If you have weak enamel, ask your dentist about prescription products. It can help battle the impact genetics have on your oral health.

Brush Twice Per Day and Floss Once Per Day

Brush just twice per day. If you brush more often, you can damage the enamel. If you don’t like eating a meal without brushing after, consider chewing gum that contains xylitol instead. Xylitol is a sugar found naturally in fruit and vegetables, but it’s found to destroy certain bacteria that lead to cavities. If you chew gum after lunch, you help remove stuck-on foods and lower the bacteria that damage the teeth.

Once a day, make sure you floss between your teeth and around the back molars. If you want to floss more than once per day, consider investing in a water flosser that uses water to blast food particles out from between the teeth. A fluoride mouth rinse can be mixed with water.

Choose the Right Toothbrush

Does your toothbrush have hard, medium, or soft bristles? Many people go for the hardest bristle thinking they remove more plaque. Soft bristles are better, as hard bristles are damaging to the gums. Plaque isn’t as hard as you might think, so soft bristles are perfectly suitable.

Electric toothbrushes can be far more effective than manual ones. When the bristles are moving using sonic waves or rapid oscillation, more plaque is removed. The other benefit is that the small circles designed for effective cleaning are hard to replicate by hand. An oscillating electric toothbrush head takes care of the small circles for you.

Don’t Push Too Hard

Brushing with too much pressure damages the enamel and harms the gums. Use as little pressure as possible. This is another reason an electric toothbrush is useful. Some of the smart toothbrush options have lights that flash when you’re brushing too hard. 

Brush For Two Minutes

Brush for a full two minutes. Set a timer on your phone or invest in a toothbrush that buzzes when you’ve brushed for 30 seconds. You want to spend 30 seconds per quadrant and move on. Once you’ve brushed your bottom right and left teeth and your top right and left teeth, you’ve completed two minutes.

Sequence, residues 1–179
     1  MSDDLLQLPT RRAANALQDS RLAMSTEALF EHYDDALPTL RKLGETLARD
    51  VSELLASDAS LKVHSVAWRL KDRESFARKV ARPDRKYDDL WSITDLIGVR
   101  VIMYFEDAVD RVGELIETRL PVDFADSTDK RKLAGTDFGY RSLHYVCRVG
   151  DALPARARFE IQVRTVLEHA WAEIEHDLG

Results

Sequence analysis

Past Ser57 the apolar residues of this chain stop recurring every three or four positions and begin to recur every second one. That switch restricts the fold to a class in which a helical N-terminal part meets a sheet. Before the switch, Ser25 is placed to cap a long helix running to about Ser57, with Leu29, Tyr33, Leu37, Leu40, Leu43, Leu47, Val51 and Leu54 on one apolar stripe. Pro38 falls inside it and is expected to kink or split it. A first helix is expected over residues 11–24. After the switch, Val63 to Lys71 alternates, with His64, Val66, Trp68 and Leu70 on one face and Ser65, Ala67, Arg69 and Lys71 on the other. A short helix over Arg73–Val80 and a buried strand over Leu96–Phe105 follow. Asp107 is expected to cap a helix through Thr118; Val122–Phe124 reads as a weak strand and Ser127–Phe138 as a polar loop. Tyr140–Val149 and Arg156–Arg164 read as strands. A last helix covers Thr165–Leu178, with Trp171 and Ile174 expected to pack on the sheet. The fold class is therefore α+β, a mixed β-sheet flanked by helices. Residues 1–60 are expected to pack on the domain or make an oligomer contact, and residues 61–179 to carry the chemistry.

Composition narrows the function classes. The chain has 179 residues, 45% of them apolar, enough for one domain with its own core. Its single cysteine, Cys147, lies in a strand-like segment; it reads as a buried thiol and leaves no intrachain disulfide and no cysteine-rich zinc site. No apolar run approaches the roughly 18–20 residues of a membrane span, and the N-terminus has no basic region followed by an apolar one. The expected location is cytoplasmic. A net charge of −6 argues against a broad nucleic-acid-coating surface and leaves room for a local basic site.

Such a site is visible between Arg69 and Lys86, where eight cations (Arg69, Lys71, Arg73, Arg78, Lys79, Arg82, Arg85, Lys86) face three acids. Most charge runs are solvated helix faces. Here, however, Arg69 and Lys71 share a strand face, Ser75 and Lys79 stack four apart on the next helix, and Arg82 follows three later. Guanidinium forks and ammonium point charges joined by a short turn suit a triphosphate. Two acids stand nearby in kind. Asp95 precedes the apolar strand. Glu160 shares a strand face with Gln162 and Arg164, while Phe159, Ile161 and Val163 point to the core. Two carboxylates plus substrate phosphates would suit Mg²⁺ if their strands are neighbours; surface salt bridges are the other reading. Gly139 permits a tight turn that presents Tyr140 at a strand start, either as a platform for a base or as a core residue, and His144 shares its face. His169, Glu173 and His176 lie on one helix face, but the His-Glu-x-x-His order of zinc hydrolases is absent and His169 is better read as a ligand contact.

See a Dentist Regularly

Make sure you see your dentist twice a year. If you have gum disease, you might need to go three or four times each year. During this visit, you’ll have your teeth professionally cleaned, polished, and examined. Periodic X-rays help find cavities in the earliest stages. A dental exam also checks your gums for signs of gum disease, and once a year, an oral cancer screening is also performed.

Do you have a dentist? Are you one of the 3% who don’t see a dentist at all due to their dental anxiety? If so, there are options available that help ease the anxiety you experience during a dental visit. Instead of skipping this essential oral health exam, consider seeing a dentist who specializes in dental anxiety.

Choose Dr. Jody Jones

Nashville’s Dr. Jody Jones offers sedation dentistry. You’re not completely sedated, but a mild sedative is given just enough to help you stay calm without being fully under. You’ll be alert to what’s going on, but you won’t experience the fear and anxiety that keep you from wanting to return.

Schedule a visit with Jody Jones DDS in Nashville. Get your teeth cleaned and any problems addressed, and make sure the steps you’re taking to protect your oral health from genetic issues are working well.